Grade 1 Math Common Core - I Can Statements

1 | CC | Anchor Standards | Common Core Standard | I Can Statements |
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2 | CC.1.OA.1 | Represent and solve problems involving addition and subtraction | Use addition and subtraction within 20 to solve word problems involving situations of adding to, taking from, putting together, taking apart, and comparing, with unknowns in all positions, e.g., by using objects, drawings, and equations with a symbol for the unknown number to represent the problem. | I can solve addition and subtraction word problems for numbers 1 through 20 using pictures, objects, and drawings. I can solve a word problem by adding 3 numbers in different ways. |

3 | CC.1.OA.2 | Represent and solve problems involving addition and subtraction | Solve word problems that call for addition of three whole numbers whose sum is less than or equal to 20, e.g., by using objects, drawings, and equations with a symbol for the unknown number to represent the problem. | I can solve three number word problems using pictures, objects, drawings, and equations. |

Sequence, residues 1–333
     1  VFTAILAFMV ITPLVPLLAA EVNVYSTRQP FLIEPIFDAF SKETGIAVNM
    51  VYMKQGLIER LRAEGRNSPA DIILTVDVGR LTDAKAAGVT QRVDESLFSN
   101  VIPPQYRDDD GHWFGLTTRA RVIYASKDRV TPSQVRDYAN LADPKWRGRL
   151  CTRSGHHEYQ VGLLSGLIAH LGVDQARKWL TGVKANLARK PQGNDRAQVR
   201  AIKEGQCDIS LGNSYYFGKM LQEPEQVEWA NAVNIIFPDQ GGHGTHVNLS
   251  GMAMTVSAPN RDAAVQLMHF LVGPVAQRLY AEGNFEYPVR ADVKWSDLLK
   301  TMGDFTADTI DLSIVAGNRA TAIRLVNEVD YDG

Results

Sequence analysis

4 | CC.1.OA.3 | Understand and apply properties of operations and the relationship between addition and subtraction | Apply properties of operations as strategies to add and subtract. Examples: If 8 + 3 = 11 is known, then 3 + 8 = 11 is also known. (Commutative property of addition.) To add 2 + 6 + 4, the second two numbers can be added to make a ten, so 2 + 6 + 4 = 2 + 10 = 12. (Associative property of addition.) (Students need not use formal terms for these properties.) | I can show that adding zero to any number does not change the number. I can show that changing the order of the addends does not change the answer. I can show when adding three numbers in any order, the answer does not change. I can use strategies to add and subtract. |

5 | CC.1.OA.4 | Understand and apply properties of operations and the relationship between addition and subtraction | Understand subtraction as an unknown-addend problem. For example, subtract 10 – 8 by finding the number that makes 10 when added to 8. | I can understand fact families. I can use fact families to find an unknown addend. I can solve subtraction problems to find the missing number. |